China is spending billions of dollars a year to shape perceptions of China through influence, censorship and disinformation in a large-scale campaign that could threaten global freedoms, the United States has said.
“Beijing has invested billions of dollars to construct a global information ecosystem that promotes its propaganda and facilitates censorship and the spread of disinformation,” the State Department spokesperson said in a statement on Thursday following the publication of the Global Engagement Center’s report.
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The report noted that Beijing used a number of “deceptive and coercive methods” to try and influence the international information environment and “bend the global information environment to its advantage”.
“Unchecked, the PRC’s efforts will reshape the global information landscape, creating biases and gaps that could even lead nations to make decisions that subordinate their economic and security interests to Beijing’s,” the report warned, referring to the country by the initials of its official name, People’s Republic of China.
In recent years, Beijing has stepped up its influence campaigns on social media platforms such as X (formerly Twitter) and YouTube, particularly over hot-button issues such as Xinjiang, the South China Sea and Taiwan, while its state media has set up editorial partnerships with traditional and online media elsewhere in the world, sometimes even buying control of outlets.
The US report identified five main elements of China’s global media strategy: leveraging propaganda and censorship, promoting digital authoritarianism, exploiting international organisations and bilateral partnerships, pairing co-optation and pressure, and exercising control over Chinese-language media.
Taiwan, the self-ruled island Beijing claims as its own, has long been on the front line of China’s media war.
Foreign Minister Joseph Wu told Al Jazeera earlier this month that Taipei was preparing for Beijing to step up its misinformation and disinformation campaigns ahead of the presidential elections in January.
He noted, too, how China had sought to frame the narrative about Ukraine in the eyes of the people of Taiwan.
“Beginning from the war in Ukraine, the Chinese were pushing the Russian narratives in Taiwan: ‘The war was started by the United States or NATO and the United States is not interested in helping Ukraine. The United States is not interested in peace in between Ukraine and Russia, because the United States continues to provide weapons to Ukraine,'” Wu said.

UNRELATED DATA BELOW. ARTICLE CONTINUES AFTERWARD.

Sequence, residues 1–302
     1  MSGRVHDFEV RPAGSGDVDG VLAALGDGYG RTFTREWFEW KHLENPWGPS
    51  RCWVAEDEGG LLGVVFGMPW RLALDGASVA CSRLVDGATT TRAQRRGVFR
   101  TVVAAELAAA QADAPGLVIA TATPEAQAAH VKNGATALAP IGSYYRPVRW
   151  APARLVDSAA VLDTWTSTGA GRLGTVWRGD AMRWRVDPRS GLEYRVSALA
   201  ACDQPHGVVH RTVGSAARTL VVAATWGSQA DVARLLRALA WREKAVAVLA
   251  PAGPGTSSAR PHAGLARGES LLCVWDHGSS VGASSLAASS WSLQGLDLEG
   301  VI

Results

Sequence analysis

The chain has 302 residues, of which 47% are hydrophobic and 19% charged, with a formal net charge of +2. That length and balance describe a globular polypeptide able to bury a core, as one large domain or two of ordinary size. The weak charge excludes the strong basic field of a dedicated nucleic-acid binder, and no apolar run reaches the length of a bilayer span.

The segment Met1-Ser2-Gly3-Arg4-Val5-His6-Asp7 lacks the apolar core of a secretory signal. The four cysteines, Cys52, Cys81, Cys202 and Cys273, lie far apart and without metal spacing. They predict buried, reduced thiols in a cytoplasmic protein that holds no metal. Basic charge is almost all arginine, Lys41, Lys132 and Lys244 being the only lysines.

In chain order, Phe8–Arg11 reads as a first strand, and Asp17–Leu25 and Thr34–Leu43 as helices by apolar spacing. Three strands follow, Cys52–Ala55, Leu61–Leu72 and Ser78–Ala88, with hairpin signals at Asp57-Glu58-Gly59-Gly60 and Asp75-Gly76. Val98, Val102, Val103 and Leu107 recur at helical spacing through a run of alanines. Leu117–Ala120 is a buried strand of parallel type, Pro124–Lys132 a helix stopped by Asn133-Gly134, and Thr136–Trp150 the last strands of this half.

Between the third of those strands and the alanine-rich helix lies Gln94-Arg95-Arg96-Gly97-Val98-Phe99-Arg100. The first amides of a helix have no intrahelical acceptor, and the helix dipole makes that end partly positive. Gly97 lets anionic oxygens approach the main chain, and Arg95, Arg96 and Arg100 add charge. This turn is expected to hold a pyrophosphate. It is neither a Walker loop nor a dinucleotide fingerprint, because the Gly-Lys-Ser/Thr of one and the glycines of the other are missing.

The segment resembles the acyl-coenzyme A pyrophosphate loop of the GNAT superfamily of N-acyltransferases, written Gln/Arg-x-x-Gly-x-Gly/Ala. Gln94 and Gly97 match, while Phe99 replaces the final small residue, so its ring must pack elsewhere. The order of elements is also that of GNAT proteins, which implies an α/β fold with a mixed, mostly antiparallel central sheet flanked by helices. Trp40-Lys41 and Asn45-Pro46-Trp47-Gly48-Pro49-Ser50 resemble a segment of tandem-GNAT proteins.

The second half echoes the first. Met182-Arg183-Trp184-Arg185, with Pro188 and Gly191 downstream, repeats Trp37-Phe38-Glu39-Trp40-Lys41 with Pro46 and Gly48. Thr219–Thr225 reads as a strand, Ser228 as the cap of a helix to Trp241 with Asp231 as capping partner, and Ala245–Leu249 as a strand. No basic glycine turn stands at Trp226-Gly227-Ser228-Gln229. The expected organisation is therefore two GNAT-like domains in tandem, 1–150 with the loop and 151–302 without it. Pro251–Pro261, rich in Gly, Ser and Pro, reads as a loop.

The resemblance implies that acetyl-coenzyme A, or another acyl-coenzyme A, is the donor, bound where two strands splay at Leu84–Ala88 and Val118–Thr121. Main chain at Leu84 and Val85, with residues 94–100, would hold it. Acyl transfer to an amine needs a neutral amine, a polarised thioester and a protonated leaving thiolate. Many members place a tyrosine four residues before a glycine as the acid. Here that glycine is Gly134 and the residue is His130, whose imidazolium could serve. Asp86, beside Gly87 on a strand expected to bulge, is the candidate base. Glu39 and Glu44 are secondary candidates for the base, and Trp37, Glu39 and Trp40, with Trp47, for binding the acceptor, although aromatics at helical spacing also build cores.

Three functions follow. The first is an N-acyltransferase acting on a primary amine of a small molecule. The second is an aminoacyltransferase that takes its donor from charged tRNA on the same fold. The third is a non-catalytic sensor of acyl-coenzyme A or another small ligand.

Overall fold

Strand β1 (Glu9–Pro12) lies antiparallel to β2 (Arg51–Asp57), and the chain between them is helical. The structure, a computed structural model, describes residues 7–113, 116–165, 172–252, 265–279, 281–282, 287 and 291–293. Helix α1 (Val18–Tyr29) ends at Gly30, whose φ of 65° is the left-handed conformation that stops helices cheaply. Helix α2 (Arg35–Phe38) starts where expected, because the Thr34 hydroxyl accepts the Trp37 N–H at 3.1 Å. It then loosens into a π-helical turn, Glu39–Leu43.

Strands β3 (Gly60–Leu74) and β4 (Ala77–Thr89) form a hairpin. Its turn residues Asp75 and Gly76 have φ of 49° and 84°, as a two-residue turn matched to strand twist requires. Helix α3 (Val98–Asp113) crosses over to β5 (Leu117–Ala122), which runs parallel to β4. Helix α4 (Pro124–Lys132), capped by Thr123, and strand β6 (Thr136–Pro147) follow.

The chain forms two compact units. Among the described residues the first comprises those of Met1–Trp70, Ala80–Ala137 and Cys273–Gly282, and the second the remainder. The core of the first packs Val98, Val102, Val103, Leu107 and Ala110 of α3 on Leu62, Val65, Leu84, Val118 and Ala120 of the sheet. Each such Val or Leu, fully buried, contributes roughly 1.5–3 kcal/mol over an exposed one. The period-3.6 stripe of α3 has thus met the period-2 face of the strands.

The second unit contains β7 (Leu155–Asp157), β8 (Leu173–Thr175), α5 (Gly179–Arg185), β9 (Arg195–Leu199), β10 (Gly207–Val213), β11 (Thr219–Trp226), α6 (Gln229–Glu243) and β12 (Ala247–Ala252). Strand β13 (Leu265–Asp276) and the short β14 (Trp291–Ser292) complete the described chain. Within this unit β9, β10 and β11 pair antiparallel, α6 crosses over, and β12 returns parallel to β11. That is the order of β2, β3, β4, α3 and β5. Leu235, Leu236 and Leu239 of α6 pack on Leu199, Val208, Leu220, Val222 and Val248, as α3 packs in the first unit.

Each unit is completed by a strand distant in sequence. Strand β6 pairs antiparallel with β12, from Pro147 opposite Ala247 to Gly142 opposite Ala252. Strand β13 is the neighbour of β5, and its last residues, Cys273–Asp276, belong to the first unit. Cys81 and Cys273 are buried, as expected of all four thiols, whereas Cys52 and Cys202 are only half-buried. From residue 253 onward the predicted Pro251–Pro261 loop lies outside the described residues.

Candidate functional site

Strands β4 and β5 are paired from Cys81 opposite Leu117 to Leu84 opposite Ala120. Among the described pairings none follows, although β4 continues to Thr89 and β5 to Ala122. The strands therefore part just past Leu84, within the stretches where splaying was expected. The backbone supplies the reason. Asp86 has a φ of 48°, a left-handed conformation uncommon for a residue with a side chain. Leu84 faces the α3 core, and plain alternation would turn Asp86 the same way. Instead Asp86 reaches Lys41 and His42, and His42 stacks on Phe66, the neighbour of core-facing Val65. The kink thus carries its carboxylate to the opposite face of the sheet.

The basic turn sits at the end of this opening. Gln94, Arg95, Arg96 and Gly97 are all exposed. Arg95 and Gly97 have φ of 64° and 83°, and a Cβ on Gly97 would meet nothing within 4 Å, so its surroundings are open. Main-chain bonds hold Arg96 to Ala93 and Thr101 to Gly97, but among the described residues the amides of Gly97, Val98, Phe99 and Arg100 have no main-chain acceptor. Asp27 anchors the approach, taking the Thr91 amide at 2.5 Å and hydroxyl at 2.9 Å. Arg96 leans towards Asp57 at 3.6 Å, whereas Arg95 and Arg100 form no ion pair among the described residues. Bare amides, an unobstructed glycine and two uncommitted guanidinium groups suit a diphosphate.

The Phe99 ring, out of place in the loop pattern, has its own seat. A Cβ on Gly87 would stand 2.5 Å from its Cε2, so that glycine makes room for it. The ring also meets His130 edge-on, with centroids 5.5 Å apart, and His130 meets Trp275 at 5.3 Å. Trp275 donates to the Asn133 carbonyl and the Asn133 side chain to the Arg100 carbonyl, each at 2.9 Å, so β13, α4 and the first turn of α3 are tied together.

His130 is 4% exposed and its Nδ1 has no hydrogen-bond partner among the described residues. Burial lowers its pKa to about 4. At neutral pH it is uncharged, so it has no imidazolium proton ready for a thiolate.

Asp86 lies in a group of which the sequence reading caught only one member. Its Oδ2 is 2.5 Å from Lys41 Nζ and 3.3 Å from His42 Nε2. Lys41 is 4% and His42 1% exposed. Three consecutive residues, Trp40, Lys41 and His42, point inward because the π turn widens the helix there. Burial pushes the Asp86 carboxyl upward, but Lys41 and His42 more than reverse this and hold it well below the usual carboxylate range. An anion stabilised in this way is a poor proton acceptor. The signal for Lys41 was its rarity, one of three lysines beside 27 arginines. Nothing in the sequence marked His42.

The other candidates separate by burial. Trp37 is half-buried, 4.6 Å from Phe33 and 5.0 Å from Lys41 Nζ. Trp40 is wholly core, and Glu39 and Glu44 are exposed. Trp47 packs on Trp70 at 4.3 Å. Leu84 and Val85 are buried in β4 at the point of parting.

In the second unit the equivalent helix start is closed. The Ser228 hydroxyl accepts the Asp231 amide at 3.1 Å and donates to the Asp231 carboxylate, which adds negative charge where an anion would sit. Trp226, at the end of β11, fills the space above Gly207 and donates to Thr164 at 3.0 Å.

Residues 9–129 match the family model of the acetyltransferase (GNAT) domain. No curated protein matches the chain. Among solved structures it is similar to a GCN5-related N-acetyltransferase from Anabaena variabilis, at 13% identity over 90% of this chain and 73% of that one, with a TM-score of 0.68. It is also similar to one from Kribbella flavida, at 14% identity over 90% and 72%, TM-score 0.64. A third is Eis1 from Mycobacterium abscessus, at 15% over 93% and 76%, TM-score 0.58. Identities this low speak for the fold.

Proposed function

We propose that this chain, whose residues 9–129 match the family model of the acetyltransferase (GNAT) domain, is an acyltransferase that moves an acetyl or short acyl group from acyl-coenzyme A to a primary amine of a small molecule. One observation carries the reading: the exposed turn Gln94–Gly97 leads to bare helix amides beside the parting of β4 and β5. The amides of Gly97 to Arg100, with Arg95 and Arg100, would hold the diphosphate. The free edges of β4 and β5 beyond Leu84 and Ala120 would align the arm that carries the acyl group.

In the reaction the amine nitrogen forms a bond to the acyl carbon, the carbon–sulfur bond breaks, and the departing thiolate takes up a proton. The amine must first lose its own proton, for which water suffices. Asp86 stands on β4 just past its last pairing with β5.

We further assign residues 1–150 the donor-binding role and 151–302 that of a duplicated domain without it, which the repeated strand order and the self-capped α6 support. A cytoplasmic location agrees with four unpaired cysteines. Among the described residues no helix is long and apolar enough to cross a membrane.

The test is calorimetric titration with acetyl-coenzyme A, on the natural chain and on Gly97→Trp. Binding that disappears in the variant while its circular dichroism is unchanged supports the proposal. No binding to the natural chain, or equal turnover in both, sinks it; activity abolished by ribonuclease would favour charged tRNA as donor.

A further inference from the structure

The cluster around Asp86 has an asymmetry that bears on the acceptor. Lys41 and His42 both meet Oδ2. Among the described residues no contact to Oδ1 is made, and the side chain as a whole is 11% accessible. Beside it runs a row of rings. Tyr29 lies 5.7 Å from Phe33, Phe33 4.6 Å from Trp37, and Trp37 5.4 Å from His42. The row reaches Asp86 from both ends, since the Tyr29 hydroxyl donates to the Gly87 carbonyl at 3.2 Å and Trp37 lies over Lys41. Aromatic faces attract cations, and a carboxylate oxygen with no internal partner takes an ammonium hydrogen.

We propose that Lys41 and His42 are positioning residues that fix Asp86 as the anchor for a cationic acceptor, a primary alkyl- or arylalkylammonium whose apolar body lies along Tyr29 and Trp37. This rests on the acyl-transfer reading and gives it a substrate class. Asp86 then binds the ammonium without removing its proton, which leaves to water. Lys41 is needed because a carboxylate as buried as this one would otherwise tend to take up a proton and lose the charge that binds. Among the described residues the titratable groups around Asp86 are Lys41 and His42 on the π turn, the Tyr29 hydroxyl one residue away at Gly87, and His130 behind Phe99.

“They are pushing that day in and day out. Towards the middle of last year, we did a public opinion survey and the Taiwanese people’s trust in the United States decreased about 10 percent. That’s quite significant.”
The State Department said that as of 2021, almost 100 influencers were known to be disseminating official Chinese messaging in at least two dozen languages on multiple social media platforms to a combined audience of more than 11 million people.
In other examples of China’s attempt to shape the global narrative, the State Department said more than 1,000 pro-Beijing online accounts had tried to suppress a report from Safeguard Defenders, a human rights group, exposing China’s operation of suspected overseas police stations in 53 countries around the world.
It noted Beijing’s attempts to shape its narrative also extended into technological hardware, citing a September 2021 report from Lithuania’s National Cyber Security Centre that found mobile phones made by Xiaomi had a default capability to censor a list of at least 449 phrases. It was disabled in European shipments but could be activated remotely.
Such mechanisms reflect China’s own strictly controlled online space, where words, phrases and pictures deemed sensitive are impossible to post or quickly removed.
The US report also referenced media partnerships developed by state-run China Central Television (CCTV), which it said provides free video footage and television scripts to 1,700 foreign news organisations and media groups. It said such content was “in many cases” repackaged by the local outlets without any indication of its origin.
State-run newspapers such as the China Daily have similar agreements.
China has also sought to influence perceptions through outreach programmes – escorting groups of diplomats and journalists on tours to the far western region of Xinjiang, where the United Nations has accused Beijing of possible crimes against humanity for holding as many as one million mostly Muslim Uighurs in reeducation camps.
This month it took a group of 22 journalists from more than a dozen countries including France, Malaysia, the Philippines and Saudi Arabia on a week-long visit to the region.
A CCTV video report on the visit showed the journalists watching cultural dances and telling the channel they were impressed by Xinjiang’s peace and stability, and the happiness of the people.
A report from one of the Malaysian journalists on the tour included photographs of knives and guns from an ‘Exhibition of Major Terrorist Attacks and Violent Crime’.
China has argued the camps are vocational training centres necessary to tackle “extremism”.
The US said China was also creating a “community of digital authoritarians” through its export of surveillance and “smart city” systems of the kind used extensively in places like Xinjiang. It added that the installation of technologies produced by telecommunications giant Huawei also left countries vulnerable to Chinese influence.
As of November 2021, it said at least 18 countries were using Huawei-manufactured middleboxes, which facilitate and inspect internet traffic on some online networks to block access to certain sites.
The US is among countries that have banned Huawei from its advanced telecommunications networks amid concerns for security and privacy given its ties to Beijing.
Huawei has denied such links.